The board to save the entire NBA season was set after Tuesday’s much hyped meeting. The pieces are all in place and there either will be a deal before Monday, saving the 82-game season as scheduled, or there won’t. In which case, we go into a potentially devastating period where the major deadline is gone and each side retrenches itself.
Of course, if we are close to a deal, the agents act as that temperamental younger cousin who wants to come in and play, and when they are not allowed to, they flip the board, scattering the pieces everywhere and forcing you to restart.
That is pretty much what the NBA’s agents have threatened throughout the lockout by urging decertification and threatening to advise their clients to vote against any deal they, the agents, deem unfair. What they want in light of Tuesday’s meeting is unknown. But they have gotten together, at least, to make clear their interests as the union moves forward.
Seven of the most powerful agents in the league, who likely hold some sway in helping pass whatever agreement is eventually reached, had a teleconference meeting to discuss how they can help Billy Hunter and the union reach a fair deal.
Several of these agents have been very vocal in their frustrations with Hunter’s strategy during this now-prolonged lockout. They wanted him to take a more aggressive stance including the nuclear decertification option. None of the agents commented on the meeting, but ESPN reports that the group agreed to back off some of its more militant demands — including decertification — and its anti-union rhetoric.
This is welcome news for the union, for sure. Throughout the entire lockout, Derek Fisher has sent numerous letters to the union members urging solidarity and unity. It is widely assumed that at some point, the players are going to crack under the increasing weight of not getting paid. So now, getting every player and their representative on the same page, could clarify what the players are seeking and what they believe is a fair deal. That means passing the new collective bargaining agreement will be a lot easier and we can get back to basketball.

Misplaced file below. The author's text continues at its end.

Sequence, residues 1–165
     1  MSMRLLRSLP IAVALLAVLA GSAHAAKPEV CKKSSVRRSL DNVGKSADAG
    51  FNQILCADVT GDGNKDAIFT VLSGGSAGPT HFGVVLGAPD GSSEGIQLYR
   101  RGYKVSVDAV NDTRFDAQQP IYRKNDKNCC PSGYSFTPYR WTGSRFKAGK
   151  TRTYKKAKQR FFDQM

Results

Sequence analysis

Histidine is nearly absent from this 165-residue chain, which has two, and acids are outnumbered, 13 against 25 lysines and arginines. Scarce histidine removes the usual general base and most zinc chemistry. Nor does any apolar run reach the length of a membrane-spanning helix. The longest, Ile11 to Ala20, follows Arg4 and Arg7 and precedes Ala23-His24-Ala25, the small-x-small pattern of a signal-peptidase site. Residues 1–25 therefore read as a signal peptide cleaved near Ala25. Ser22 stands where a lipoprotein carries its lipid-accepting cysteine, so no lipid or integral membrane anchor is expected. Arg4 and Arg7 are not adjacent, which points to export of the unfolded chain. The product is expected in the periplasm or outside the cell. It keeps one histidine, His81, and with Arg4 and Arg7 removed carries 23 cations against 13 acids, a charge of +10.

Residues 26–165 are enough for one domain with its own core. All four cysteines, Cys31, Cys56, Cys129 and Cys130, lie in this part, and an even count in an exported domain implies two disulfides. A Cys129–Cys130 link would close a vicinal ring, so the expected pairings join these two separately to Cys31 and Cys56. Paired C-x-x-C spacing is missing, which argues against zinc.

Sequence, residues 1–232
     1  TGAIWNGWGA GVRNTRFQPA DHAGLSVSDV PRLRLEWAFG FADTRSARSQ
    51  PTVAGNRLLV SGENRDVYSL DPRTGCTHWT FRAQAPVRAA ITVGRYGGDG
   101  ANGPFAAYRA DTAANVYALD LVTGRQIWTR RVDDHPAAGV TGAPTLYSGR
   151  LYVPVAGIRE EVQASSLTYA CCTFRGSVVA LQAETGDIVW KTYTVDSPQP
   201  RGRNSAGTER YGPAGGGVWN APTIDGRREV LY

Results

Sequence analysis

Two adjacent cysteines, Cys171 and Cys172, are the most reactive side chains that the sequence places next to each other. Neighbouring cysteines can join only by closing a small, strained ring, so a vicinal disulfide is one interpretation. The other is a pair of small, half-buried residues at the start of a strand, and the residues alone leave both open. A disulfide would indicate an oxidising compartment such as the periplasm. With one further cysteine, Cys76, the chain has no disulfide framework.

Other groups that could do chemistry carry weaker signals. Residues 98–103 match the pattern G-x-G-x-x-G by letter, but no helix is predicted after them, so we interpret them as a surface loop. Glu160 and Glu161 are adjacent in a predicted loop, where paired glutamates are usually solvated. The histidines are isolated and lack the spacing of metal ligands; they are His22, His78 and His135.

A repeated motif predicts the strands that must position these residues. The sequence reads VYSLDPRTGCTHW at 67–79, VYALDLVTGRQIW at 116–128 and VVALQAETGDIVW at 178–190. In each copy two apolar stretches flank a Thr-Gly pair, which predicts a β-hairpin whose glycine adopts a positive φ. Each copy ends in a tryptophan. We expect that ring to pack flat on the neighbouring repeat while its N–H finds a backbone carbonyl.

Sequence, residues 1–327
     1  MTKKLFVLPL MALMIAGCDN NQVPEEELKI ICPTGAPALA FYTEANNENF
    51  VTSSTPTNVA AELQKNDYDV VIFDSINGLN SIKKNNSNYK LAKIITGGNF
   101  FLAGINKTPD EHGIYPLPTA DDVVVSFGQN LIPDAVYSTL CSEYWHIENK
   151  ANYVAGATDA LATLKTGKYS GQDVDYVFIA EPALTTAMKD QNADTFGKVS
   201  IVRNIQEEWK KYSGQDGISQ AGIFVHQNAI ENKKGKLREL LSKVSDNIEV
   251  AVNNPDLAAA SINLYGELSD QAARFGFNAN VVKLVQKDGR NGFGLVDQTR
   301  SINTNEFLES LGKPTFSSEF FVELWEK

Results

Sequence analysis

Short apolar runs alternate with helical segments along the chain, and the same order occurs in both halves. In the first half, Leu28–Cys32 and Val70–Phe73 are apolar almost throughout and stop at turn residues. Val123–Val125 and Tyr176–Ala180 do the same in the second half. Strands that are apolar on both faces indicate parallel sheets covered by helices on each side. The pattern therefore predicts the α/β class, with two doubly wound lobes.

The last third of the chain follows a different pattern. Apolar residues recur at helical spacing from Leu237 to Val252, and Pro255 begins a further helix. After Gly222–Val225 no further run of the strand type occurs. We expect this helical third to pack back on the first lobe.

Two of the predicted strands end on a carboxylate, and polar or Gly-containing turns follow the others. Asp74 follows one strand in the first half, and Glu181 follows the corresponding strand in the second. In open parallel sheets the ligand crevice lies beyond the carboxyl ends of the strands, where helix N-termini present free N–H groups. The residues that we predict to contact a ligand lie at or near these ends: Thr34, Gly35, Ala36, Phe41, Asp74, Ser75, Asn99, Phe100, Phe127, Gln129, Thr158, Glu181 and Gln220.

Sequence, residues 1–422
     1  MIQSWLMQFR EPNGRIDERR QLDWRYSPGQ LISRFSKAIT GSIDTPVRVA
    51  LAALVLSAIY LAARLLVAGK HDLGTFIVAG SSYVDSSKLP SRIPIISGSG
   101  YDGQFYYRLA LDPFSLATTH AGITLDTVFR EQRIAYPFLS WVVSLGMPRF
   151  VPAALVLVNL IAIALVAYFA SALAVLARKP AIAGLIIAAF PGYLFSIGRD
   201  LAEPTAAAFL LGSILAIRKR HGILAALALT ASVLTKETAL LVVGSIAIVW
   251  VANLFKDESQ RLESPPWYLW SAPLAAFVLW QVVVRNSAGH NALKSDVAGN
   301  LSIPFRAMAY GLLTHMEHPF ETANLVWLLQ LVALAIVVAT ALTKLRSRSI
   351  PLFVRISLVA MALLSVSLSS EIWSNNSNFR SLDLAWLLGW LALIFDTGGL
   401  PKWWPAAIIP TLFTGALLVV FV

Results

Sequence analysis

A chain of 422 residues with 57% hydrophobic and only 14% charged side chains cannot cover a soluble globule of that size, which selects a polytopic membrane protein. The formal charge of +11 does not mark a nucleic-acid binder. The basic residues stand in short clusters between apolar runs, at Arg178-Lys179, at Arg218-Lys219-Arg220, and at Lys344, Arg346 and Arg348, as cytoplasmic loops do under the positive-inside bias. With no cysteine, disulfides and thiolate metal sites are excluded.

Of course we are a long way from that point.
Getting the agents in step with the union is perhaps a sign of progress. In-fighting is always a way to prevent a deal. The story about Richard Hamilton threatening to drop Leon Rose if the agents worked to undermine the union’s work, which Hamilton refuted, was a troubling one and showed perhaps the divide that many suspect might exist within the players. Maybe they feel that a fair deal is close to begin on the table. Maybe the union has come to see the agents might be right with their hard-line decertification demands.
This is a high-stakes game, nobody is going to tip the board without a good reason.
The players are likely continuing to get together to formulate their strategy as the owners are before the next meeting. David Stern is hoping it can be Sunday — Yom Kippur will prevent meetings Friday night and Saturday (insert Jewish lawyer joke here) — so that there is at least a chance to meet his Monday deadline to save the first two weeks of the season.
Hopefully both sides are getting their eggs in a row to come together one more time and solve this thing in time.